Diego, a 100-year-old Galapagos Tortoise (Chelonoidis hoodensis), from the Galapagos island, is set to be released to his native island of Espanola this March, according to the Galapagos National Parks service (PNG).
Park rangers on Santa Cruz Island, California, believe Diego's contribution to the program has resulted in him being the patriarch of at least 40 percent of their 2,000 tortoise population!
Diego is a hero, he single-handedly saved his species by fathering 800 offsprings!
Jorge Carrion, the PNG director, said, "About 1,800 tortoises have been returned to Espanola and now with natural reproduction, we have approximately 2,000 tortoises. This shows that they are able to grow, they are able to reproduce, they are able to develop."
And just to make this even more impressive, around 50 years ago, there were only two males and 12 females of Diego's species currently living on Espanola. Plus, they were too spread out to actually reproduce.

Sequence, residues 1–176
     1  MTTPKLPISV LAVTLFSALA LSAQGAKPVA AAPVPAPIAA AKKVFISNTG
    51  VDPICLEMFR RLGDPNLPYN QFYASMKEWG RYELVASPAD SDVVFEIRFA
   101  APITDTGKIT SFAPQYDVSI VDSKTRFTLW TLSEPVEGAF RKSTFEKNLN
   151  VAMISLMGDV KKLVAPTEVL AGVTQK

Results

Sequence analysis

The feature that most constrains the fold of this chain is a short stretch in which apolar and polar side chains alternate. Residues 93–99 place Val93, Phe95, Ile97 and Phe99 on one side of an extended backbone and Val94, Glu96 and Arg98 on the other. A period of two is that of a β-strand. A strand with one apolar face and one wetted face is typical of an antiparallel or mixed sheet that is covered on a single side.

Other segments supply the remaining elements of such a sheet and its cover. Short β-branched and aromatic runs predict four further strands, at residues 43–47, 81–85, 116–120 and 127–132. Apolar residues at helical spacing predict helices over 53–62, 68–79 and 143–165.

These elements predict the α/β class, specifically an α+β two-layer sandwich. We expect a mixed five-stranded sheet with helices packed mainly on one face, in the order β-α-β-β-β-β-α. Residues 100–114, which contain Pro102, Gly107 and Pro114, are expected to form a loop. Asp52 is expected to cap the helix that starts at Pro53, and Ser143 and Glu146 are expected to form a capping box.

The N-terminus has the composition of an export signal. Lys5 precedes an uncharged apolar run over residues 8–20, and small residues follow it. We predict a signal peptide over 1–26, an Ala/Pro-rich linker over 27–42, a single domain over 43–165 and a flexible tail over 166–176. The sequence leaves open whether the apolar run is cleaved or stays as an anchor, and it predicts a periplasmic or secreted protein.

Story via DailyMail
Diego was brought in from California's San Diego Zoo, in the mid-1960s, to join a breeding program to save his species. And now, almost eight decades after first being extracted, Diego's mission is accomplished.
Just look at that cheeky grin! Diego is set to be released back to his native land, but but returning to Espanola, he must go through a quarantine period to avoid carrying seeds from plants that are not native to the island.
Mr Carrion adds, "He's contributed a large percentage to the lineage that we are returning to Espanola. There's a feeling of happiness to have the possibility of returning that tortoise to his natural state."
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